It seems to me that the biggest problem that some people have after injury is that they may sit around.  That is, due to pain, difficulty getting around, or even psychological reasons, some people after injury may not choose to try to get moving again.  In such circumstances, I can perhaps see the value in having a place to go and a task to do.  It’s the same reason that going to the gym seems to motivate some people who could otherwise achieve the same level of fitness by working out at home.

Horses – well, any animal – are another thing entirely.  The biggest problem in dealing with horses recovering from injury is getting them to not exercise.  These are animals that are constantly on the go – in the wild, did you know that horses move 20 – 50 miles every day? – and they don’t let little things like tendon injuries or joint sprains or back problems get in the way of wanting to move.  That’s why dealing with laid up horses is such a joy, and even the engine for entirely new sporting events, such as barn skiing (those of you that have been towed around by a laid up horse know exactly what I’m talking about).

Once again, I’m not advocating not paying attention to how your horse is doing after an injury.  Quite the contrary.  I think it’s very important that you monitor your horse after an injury, and put him a situation where he is likely to get better (assuming that he can get better).  And if you’re inclined to get some help, and if you enjoy various machines and devices and such, then by all means, have at it.  Just understand two things:

  1. You can do a lot of this yourself – icing, controlled exercise, bandaging, etc.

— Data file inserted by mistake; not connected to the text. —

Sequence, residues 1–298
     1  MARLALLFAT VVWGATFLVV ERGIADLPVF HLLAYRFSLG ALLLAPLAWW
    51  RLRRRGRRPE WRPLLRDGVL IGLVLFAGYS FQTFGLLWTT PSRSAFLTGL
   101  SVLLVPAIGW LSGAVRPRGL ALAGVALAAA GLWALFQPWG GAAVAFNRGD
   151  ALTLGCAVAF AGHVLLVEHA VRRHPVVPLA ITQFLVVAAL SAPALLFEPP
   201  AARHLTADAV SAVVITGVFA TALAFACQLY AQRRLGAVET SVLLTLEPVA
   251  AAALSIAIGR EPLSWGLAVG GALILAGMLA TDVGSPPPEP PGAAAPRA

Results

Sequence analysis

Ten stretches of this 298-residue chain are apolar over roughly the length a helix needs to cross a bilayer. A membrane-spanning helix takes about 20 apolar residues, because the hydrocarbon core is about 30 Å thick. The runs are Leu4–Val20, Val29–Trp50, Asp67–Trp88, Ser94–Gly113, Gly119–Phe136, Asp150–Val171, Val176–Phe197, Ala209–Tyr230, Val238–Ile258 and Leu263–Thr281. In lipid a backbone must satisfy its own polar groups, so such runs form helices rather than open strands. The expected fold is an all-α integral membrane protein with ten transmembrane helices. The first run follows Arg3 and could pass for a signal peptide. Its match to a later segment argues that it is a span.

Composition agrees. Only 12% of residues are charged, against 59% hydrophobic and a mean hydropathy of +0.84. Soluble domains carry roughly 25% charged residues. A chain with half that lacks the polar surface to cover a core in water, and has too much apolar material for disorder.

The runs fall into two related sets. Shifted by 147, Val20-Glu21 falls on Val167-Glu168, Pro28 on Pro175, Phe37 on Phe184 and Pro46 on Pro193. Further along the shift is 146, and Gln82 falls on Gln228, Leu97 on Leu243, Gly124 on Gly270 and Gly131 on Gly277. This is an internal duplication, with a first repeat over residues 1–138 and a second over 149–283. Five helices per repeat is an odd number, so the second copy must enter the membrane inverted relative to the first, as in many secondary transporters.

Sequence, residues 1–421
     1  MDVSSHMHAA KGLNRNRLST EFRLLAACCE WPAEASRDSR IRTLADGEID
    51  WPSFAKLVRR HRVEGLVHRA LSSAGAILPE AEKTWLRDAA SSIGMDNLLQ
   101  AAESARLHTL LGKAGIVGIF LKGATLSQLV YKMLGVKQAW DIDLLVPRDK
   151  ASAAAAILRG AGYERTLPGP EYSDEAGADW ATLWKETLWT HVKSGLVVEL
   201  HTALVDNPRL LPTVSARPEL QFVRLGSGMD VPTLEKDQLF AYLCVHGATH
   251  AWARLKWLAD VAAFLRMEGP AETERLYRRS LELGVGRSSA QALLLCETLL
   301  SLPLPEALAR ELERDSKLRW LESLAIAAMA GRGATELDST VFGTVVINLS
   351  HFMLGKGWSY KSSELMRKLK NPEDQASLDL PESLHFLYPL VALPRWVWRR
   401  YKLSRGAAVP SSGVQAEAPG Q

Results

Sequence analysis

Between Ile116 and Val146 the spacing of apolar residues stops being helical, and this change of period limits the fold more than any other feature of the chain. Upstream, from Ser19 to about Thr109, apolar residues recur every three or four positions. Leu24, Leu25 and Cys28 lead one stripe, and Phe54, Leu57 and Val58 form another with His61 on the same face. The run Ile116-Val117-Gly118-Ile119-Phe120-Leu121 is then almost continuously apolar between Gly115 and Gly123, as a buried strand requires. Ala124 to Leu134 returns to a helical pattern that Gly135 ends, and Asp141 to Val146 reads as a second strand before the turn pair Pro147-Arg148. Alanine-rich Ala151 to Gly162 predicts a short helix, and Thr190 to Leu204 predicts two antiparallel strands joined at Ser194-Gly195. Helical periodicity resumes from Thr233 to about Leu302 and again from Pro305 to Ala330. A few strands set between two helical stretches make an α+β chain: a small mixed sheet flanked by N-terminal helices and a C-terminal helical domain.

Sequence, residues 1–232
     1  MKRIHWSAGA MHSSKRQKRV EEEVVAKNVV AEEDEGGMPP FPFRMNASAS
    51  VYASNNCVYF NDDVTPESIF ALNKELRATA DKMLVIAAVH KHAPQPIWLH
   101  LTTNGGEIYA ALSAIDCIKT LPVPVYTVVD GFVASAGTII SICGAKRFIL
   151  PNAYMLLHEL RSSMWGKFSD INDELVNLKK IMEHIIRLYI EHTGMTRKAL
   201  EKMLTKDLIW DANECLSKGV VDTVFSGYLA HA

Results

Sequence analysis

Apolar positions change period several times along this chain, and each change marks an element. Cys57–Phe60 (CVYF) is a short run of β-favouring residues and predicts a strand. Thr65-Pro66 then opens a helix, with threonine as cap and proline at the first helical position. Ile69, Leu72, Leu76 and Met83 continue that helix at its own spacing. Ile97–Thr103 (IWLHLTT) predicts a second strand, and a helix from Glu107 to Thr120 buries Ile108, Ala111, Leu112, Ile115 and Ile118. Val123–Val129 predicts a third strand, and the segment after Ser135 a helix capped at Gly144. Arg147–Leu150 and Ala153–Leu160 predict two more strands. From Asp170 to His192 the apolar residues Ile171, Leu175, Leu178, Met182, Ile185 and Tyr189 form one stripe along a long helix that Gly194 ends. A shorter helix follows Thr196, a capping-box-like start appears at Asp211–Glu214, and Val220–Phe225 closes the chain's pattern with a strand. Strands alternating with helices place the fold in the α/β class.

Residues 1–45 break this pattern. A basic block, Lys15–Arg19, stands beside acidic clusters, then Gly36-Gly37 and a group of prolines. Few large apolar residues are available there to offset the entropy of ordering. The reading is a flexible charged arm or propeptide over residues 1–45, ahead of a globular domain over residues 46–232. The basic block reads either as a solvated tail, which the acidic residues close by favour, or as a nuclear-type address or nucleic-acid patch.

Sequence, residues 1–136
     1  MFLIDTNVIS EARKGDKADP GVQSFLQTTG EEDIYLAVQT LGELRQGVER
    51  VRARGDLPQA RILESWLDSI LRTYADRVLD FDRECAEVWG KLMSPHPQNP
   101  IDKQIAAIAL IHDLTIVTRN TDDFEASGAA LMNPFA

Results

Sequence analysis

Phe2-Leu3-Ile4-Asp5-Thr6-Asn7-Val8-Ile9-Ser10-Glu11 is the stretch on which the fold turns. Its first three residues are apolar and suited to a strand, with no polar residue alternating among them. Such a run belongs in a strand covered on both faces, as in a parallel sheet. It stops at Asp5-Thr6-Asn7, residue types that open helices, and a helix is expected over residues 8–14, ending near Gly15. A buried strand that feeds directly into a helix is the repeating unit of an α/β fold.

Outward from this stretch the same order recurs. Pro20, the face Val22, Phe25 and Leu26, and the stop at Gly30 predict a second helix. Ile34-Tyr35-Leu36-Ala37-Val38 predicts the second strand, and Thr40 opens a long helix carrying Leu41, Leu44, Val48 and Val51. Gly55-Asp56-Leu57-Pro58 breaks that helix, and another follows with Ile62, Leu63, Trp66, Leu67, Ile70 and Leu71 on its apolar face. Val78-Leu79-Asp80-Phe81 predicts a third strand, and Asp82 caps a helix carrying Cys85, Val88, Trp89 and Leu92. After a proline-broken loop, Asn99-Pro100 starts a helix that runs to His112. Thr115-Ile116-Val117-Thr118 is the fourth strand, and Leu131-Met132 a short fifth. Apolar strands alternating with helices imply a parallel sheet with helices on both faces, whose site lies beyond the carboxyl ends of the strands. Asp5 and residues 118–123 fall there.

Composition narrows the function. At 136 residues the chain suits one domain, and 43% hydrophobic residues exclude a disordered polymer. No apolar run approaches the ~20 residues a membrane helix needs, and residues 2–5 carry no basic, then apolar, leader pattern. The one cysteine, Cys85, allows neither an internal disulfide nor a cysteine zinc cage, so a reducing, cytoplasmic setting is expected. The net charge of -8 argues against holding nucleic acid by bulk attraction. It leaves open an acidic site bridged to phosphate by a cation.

2. At the end of the day, the outcomes may not be much different anyway

Back in 2006, in a review article on physiotherapy for horses (Buchner, HH and Schildboeck, Equine Veterinary Journal, 2006; 38(6):  574 – 80), it was noted, “Reviewing the experimental and observational scientific literature on equine physiotherapy revealed a frustratingly small number of reliable studies offering sufficient evidence for clinical efficacy.”  That’s still the case today.

After a horse has hurt himself, everyone wants him to get better.  It seems like everyone wants to help.  And that’s all good.  But good intentions and good results don’t necessarily go hand in hand, and, in my opinion, there’s no reason to pay for stuff that’s not likely to do any good.  The most expensive medicine is not necessarily the best medicine.

By all means, take good care of your horse after he’s hurt himself.  Work closely with your veterinarian, and if you feel so-inclined, there’s likely to be little harm from incorporating some supervised physical therapy.  But your horse going to be better off afterwards?  Otherwise stated, is all the extra attention doing any good?  Well, those are other questions entirely.